Submit your answer to Gene Wirchenko <genew@telus.net>. Your answer should be in the form of a proof. That means to show how your answer must be correct. The deadline is Wednesday, July 25, 2017 at noon Pacific Time. I will post the answer shortly after.

Puzzle #215: Divvying Up Candy

Six kids were given a bag of candy and told to split it evenly. When they tried to do so, there was one piece of candy left over. There would have been one piece of candy left over if there were only two, three, four, or five kids, too. What is the minimum number of pieces of candy there could be in the bag if there were at least ten pieces of candy?

Submit your answer to Gene Wirchenko <genew@telus.net>. Your answer should be in the form of a proof. That means to show how your answer must be correct. The deadline is Wednesday, July 19, 2017 at noon Pacific Time. I will post the answer shortly after.

Puzzle #214: Cookies

Allan, Bobby, and Tammy each have some cookies. Bobby has two fewer than twice as many as Allan has. Tammy has six more cookies than Allan has. They got those cookies by splitting up a package of twenty-four cookies.

How many cookies does each have?

Submit your answer to Gene Wirchenko <genew@telus.net>. Your answer should be in the form of a proof. That means to show how your answer must be correct. The deadline is Wednesday, July 12, 2017 at noon Pacific Time. I will post the answer shortly after.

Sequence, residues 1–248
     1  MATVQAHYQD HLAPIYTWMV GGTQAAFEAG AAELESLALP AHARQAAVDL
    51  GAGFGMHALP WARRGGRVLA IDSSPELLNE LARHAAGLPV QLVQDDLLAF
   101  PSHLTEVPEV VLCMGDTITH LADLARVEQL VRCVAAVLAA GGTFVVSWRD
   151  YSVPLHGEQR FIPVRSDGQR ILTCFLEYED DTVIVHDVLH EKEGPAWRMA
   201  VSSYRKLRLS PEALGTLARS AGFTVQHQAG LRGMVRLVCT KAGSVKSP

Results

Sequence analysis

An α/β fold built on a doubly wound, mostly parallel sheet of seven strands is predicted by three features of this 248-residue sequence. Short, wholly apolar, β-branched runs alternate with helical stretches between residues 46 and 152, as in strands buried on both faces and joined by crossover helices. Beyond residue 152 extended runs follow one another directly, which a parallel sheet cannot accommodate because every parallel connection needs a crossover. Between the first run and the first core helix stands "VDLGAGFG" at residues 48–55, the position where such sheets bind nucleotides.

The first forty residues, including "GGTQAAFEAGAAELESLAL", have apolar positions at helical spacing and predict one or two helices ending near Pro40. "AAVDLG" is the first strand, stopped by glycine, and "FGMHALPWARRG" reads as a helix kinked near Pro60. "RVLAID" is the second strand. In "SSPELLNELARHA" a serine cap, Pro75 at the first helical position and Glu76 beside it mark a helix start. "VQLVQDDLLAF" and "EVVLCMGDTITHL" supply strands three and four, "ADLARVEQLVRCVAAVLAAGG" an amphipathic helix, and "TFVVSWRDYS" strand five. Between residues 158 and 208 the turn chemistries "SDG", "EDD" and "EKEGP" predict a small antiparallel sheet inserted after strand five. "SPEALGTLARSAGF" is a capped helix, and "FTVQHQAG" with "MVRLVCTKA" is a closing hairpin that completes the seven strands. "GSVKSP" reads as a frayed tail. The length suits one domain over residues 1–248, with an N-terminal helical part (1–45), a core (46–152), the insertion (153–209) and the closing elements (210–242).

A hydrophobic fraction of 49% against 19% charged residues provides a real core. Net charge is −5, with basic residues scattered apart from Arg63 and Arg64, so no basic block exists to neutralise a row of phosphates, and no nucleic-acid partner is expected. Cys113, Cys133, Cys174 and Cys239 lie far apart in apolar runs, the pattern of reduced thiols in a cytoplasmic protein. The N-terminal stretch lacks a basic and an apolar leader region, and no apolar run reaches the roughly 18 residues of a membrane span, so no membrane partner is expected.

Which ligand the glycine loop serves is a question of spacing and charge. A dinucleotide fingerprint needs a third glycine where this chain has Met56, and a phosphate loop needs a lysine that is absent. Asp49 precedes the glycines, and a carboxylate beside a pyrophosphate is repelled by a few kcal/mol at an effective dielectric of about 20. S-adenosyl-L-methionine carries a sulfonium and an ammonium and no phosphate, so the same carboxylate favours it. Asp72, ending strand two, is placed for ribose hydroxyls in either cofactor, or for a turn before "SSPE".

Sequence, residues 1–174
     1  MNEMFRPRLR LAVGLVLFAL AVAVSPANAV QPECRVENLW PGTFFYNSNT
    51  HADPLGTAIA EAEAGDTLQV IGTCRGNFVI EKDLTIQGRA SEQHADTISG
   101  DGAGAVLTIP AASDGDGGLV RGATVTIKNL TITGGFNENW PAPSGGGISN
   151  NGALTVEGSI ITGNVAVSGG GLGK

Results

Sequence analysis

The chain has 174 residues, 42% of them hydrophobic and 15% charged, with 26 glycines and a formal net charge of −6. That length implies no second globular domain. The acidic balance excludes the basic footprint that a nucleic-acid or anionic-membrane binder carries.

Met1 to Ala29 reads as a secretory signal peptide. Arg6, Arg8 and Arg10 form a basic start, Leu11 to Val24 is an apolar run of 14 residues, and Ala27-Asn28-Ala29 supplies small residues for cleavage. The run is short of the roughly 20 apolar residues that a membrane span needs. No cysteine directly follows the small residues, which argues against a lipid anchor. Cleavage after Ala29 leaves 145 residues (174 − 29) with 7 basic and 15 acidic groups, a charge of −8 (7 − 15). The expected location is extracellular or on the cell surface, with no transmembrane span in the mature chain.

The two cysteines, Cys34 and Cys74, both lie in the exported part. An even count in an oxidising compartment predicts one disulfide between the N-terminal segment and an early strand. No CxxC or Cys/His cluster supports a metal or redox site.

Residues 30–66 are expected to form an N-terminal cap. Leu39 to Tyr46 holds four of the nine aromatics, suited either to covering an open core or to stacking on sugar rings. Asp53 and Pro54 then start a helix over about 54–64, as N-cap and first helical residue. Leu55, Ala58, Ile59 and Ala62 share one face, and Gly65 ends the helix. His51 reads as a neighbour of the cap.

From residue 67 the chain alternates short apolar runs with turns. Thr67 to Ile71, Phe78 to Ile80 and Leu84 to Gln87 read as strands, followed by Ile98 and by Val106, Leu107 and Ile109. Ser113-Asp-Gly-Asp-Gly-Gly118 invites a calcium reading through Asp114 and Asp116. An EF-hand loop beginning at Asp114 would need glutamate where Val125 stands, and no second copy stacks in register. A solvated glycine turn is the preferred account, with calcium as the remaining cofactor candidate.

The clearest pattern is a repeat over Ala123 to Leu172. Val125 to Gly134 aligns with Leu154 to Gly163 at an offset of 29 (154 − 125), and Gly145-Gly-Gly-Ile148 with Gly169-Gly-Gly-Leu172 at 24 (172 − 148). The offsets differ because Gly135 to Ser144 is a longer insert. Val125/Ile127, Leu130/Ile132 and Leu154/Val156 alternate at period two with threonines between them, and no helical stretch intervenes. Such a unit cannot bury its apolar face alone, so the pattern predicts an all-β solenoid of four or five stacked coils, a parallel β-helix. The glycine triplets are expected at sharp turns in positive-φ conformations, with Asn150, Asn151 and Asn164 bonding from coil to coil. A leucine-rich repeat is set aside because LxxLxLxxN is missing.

Puzzle #213: Found Money

Kathy, Larry, Mona, Neil, and Olivia each recently found a different amount of money. The amounts were $5, $10, $15, $20, and $40 though not necessarily in that order.

Mona found an exact multiple of the amount that Larry found.
Olivia found an exact multiple of the amount that Kathy found.
Larry found an exact multiple of the amount that Neil found.

How much did each find?

Submit your answer to Gene Wirchenko <genew@telus.net>. Your answer should be in the form of a proof. That means to show how your answer must be correct. The deadline is Wednesday, July 5, 2017 at noon Pacific Time. I will post the answer shortly after.

Puzzle #212: Magic Square

A 3-by-3 magic square contains the integers from 6 to 14.  (Each row, column, and diagonal adds up to the same number.)

Given the clues following, what integer is in each square?

The number in the top-right corner square is 10, 11, or 12.

The corner squares’ values are either all odd or all even.

The bottom-center number is 7, or 14, or maybe 13.

Submit your answer to Gene Wirchenko <genew@telus.net>. Your answer should be in the form of a proof. That means to show how your answer must be correct. The deadline is Wednesday, June 28, 2017 at noon Pacific Time. I will post the answer shortly after.

Puzzle #211: Marbles

You have some one-colour marbles, each one of red, orange, yellow, green, blue, and violet. No two marble counts of a colour add up to twelve. There is at least one and no more than nine of each colour. There is exactly one sequence of three consecutive marble counts of a colour (like 4, 5, and 6). The number of marbles of each colour is different. Only one marble count of a colour is a square.

What are each of the six marble counts? Note that, in this puzzle, you do not need to figure out which count goes with which colour.

Submit your answer to Gene Wirchenko <genew@telus.net>. Your answer should be in the form of a proof. That means to show how your answer must be correct. The deadline is Wednesday, June 21, 2017 at noon Pacific Time. I will post the answer shortly after.